*The title is the date and hour (Harlem Turrell Series) _ Inkjet Print Fine Art Paper 24 x 36" Edition of 5 New York, 2013 - 2018
The Harlem Turrell series is constituted by photographs of the sky as seen through the opening that exists between the buildings 772 and 778 at Saint Nicholas Avenue in Harlem, a few steps from the 149th Street entrance to the A and C trains, and on the way to the artist’s studio in Harlem. The pictures are shared in social media using the hashtag #harlemturrell or #turrelldoharlem; and each photo is titled with the time and date in which it was taken.
The series started in 2013 and has so far accumulated around three hundred photos. And it exists as an exercise on photography’s possibility to record an attributive action, and as a way of questioning the boundaries of authorship, the limits between art and reality, the limits to the Duchampian and Warholian ideas on the artist’s power to attribute to an object - or a place - the status of a work of art, in other words the limits to the idea of transfiguration; the limits to modernity’s effort to reach a pure visuality as a means to achieve universal beauty – as represented by the work of an artist such as James Turrell. In short, an action of appropriation and postproduction that applies the logics of James Turrell works from the “Skyspaces” series, to a historic building in Harlem, in order to produce a work that emerges from the collision of those two elements.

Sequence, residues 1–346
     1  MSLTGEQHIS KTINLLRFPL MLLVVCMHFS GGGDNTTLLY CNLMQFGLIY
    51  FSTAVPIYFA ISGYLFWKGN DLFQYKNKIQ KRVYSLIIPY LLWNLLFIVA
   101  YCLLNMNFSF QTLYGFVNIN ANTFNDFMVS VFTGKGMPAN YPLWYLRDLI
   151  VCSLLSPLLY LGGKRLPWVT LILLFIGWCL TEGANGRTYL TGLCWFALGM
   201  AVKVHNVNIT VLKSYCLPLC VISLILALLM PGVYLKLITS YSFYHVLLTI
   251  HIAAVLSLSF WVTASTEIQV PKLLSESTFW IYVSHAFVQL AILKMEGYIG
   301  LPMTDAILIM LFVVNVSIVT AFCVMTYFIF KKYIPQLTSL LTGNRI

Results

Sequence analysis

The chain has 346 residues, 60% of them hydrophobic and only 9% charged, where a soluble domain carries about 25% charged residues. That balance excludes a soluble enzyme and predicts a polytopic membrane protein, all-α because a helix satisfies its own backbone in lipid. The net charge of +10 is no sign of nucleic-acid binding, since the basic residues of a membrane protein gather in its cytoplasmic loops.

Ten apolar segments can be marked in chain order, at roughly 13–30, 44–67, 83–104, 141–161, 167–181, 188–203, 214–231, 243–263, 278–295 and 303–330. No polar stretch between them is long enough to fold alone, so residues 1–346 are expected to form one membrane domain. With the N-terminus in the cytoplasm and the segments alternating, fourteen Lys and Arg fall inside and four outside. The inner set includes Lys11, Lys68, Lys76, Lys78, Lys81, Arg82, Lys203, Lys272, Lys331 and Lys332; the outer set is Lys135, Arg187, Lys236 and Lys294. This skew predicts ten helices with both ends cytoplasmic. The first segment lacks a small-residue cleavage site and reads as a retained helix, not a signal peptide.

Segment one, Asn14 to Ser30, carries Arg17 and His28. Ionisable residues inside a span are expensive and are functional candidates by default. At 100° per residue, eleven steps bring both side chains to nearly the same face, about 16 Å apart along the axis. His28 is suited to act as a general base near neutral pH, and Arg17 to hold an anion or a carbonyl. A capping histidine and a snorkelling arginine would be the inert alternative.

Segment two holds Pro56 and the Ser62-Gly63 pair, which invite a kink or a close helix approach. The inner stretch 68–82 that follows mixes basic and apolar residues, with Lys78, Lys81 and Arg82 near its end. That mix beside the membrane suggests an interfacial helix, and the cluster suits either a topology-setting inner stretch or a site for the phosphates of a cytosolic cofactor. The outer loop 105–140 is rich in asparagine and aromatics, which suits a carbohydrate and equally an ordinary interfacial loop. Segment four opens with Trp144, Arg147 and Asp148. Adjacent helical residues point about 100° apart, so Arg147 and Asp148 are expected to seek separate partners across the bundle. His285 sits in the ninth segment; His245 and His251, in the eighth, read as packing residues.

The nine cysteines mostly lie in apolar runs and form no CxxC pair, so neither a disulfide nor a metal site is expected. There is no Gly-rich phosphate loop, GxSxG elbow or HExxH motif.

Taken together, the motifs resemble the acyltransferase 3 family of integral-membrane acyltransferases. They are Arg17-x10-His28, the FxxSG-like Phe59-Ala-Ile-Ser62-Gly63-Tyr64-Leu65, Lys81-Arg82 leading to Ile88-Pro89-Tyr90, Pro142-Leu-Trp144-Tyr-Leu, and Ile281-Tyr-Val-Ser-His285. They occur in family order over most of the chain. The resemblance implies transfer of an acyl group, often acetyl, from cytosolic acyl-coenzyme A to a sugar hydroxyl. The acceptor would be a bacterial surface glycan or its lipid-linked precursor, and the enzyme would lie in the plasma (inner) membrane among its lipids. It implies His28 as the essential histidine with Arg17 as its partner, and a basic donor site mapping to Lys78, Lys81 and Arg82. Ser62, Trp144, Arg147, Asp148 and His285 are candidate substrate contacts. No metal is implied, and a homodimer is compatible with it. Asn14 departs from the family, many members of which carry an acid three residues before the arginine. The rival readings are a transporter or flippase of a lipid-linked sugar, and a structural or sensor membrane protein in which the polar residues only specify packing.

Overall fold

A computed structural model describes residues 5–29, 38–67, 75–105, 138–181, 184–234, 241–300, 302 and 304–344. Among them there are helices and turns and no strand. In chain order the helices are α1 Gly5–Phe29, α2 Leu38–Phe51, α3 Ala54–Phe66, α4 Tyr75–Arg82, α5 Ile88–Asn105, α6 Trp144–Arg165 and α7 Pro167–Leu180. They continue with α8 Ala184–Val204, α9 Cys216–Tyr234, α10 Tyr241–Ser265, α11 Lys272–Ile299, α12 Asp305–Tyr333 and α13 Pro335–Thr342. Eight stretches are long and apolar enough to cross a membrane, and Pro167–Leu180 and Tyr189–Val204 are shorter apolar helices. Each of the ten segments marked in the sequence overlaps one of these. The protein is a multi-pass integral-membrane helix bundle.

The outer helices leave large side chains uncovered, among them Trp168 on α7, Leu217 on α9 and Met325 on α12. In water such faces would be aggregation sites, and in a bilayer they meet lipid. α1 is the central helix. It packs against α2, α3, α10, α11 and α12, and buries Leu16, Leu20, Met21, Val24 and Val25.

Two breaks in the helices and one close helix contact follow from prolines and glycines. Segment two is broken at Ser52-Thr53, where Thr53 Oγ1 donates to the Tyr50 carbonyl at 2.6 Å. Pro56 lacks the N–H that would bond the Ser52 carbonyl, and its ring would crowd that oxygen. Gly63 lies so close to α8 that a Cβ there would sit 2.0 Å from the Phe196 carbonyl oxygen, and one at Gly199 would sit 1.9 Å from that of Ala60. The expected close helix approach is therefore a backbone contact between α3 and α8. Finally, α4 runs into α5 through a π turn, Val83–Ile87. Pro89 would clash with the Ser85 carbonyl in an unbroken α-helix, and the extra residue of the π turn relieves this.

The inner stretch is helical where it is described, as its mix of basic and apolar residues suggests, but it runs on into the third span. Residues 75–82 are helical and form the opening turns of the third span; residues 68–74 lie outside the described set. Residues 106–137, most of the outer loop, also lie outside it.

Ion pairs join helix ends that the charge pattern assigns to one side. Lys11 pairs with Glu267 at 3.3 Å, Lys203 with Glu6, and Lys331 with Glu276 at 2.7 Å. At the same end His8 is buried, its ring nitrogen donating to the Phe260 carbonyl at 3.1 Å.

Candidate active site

Process: A. The Arundel Court Building: Is located at at 772-778 St. Nicholas Avenue in Harlem, and it was built by Henri Fouchaux's in 1905, it features the masking of the newly mandated light-court with an arch and recessing fire escapes in subordinate archways.
B. James Turrell's Site Specific "Meeting" from the (Skyspaces Series): One of the highlights of MoMA PS1, this site-specific installation has been there since the fall of 1986. It was initially part of a series commissioned by Alanna Heiss focusing on light and perception. Meeting is composed of a square room with a rectangular opening cut directly into the ceiling. Carefully calculated artificial lights produce an orange glow on the white walls of the room, permitting the viewer to appreciate the intensity of the sky’s color.
As Turrell described in an Art21 interview: “There’s this four-square seating that’s inside, seating toward each other, having a space that created some silence, allowing something to develop slowly over time, particularly at sunset. Also, this Meeting has to do with the meeting of space that you’re in with the meeting of the space of the sky." Meeting is one of Turrell’s series of “skyspaces,” all involving enclosed spaces with rectangular or rounded holes cut into the ceiling exposing the open sky.